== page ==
Ever wondered how state law finally becomes regulation at a school administrative level?? Below is a general outline of just how that happens.
The flow is generally stated as: From Arizona Law (Statute), to Policy. From Policy to Regulation. From Regulation to Enforcement.
1. The Arizona Legislature establishes a new law that often addresses a particular aspect in a relatively general sense. While the issue can be somewhat specific, the general nature of the law typically allows for school districts to figure out for themselves how the law is to be followed. For example: All superintendent contracts that renewed after July 29, 2010 are required to have a contractual component that ties salary compensation to specific performance metrics. This is similar to the requirement the AZ legislature put in place that all school districts implement similar contractual aspects that tie student performance to salary compensation for teachers by 2012. While these requirements are somewhat specific, what is general about them is that school districts are able to decide what is best for the district in meeting these requirements. The legislature put together a suggested outline for how these requirements could be met in order that districts can not only be compliant with the law, but aid them in creating the criteria. GPS has chosen to implement a different criteria than that set by the legislature.
2. Policies are put in place that address statutory and constitutional requirements. Policies are where the rubber begins to meet the road. Many school districts subscribe to the Arizona School Board Association as they have a policy division which keeps an eye on legislative requirements and in conjunction with folks at the state capitol, crafts policy that meets legal requirements. These policies are then submitted to all ASBA members for consideration and adoption. GPS policies are largely in direct synchronization with ASBA suggestions with very little difference.
School board members are primarily involved in THIS area. School board members are the tie between constitutional and statutory mandates and administrative regulation. Thus, school board members function administratively at the highest level and keep a focus on district-wide issues while remaining relatively uninvolved in specifics with individual campuses. District-wide policies, budgetary issues, curriculum, and district employee staffing are all general concerns the board addresses. Specific policies also address the need for certain individual issues to be heard by the school board as well. Field-trips, extreme student disciplinary measures (expulsion), and other types of issues are also heard.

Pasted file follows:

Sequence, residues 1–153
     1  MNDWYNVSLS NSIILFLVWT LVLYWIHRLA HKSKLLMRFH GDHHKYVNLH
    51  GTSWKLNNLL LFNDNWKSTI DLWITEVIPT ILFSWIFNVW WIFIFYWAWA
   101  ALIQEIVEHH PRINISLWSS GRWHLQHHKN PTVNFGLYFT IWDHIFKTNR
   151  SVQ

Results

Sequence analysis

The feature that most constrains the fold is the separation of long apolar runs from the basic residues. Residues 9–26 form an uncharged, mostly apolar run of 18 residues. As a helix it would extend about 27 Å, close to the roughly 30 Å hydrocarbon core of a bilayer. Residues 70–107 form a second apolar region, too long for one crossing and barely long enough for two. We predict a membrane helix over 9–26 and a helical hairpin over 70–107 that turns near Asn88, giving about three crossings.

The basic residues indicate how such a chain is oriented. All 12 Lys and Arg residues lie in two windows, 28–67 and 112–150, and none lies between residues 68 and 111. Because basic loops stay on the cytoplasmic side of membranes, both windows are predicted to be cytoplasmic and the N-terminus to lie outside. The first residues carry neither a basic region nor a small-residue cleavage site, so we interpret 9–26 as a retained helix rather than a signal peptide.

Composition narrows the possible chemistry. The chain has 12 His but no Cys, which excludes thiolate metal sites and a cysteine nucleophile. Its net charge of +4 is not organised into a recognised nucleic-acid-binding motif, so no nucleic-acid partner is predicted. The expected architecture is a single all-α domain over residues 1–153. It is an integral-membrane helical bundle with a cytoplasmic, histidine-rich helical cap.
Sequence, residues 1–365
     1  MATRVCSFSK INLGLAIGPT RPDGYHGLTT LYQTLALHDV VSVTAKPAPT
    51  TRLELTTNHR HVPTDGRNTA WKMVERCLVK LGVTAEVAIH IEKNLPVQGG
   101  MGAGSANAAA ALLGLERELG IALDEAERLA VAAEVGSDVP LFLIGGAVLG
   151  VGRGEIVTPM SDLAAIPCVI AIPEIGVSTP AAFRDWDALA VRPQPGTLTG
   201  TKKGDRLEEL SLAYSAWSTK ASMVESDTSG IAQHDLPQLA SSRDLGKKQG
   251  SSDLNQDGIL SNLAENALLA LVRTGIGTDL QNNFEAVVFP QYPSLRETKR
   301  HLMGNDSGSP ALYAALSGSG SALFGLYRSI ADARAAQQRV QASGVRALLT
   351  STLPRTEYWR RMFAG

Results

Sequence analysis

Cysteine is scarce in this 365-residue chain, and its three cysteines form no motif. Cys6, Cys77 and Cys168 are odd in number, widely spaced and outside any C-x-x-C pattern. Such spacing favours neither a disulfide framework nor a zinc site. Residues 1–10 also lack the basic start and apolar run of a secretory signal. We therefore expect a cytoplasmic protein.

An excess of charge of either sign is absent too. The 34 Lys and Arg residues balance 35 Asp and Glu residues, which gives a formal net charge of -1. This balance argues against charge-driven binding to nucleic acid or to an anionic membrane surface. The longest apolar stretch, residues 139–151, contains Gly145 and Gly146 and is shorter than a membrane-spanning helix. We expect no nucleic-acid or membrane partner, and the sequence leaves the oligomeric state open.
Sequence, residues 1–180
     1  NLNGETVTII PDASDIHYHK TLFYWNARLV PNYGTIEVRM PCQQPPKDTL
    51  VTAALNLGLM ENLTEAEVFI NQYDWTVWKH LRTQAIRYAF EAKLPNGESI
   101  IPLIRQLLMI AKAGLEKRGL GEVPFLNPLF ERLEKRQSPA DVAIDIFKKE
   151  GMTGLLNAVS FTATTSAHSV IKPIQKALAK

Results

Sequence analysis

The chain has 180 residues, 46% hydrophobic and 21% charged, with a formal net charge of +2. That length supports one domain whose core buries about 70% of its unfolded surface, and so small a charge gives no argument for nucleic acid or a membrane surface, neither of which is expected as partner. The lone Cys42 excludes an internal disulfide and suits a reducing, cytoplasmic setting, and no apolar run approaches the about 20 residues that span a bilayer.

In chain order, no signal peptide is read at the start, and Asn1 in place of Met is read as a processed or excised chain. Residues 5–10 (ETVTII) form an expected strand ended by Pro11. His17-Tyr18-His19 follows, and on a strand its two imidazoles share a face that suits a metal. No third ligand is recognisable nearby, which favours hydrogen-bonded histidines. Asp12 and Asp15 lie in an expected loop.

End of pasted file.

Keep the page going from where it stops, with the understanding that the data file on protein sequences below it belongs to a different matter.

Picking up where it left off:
3. Regulation – This component is almost 100% delegated to the school administration and is truly where the rubber meets the road for enforcement. Succinctly stated, regulation is the logistical way policy is enforced. A policy regarding anti-bullying, or drug possession may be referenced. Regulation includes but is not limited to the actual training to principals for communications in such situations, how to deal with the situation, and potentially… where some subjective judgment is allowed within the policy itself, some further clarification.
Thus, when a parent has a concern to be addressed, one of the ways to get to the heart of what can be done about the concern is whether the decisions are based on regulation, policy, or statute. If regulation, the issue rests largely with the school administration. This is likely to cover the vast majority of individual issues. If the issue is based on policy, then the school board should most certainly be involved and the concerns heard by the board. If the issue is statutory, it is perhaps good to keep the school board informed, yet there is nothing the board can do on this issue as the situation must be addressed by the state legislature and corrected or modified via new legislation.
Considerations must be made on what level of management an issue should be addressed. Far too often emotional issues will spiral out of control and well-intentioned citizens will petition their state legislature for new laws that could more easily and more appropriately been addressed at a more local level such as the school board or school administration. From situations such as these and the creation of new laws, government tends only to get bigger, less efficient, and less productive. GilbertSchools.info strongly suggests that parents and engaged citizens petition their individual school administrators first, then appeal to the school board of their local district next in addressing an issue. Engaging the media can be a powerful motivation for an issue to be heard, but not recommended as a first option. Organizing parents with similar concerns is also very powerful in persuasive argument. State legislation should be reserved as a last resort, for rarely are individual issues found in existence state-wide.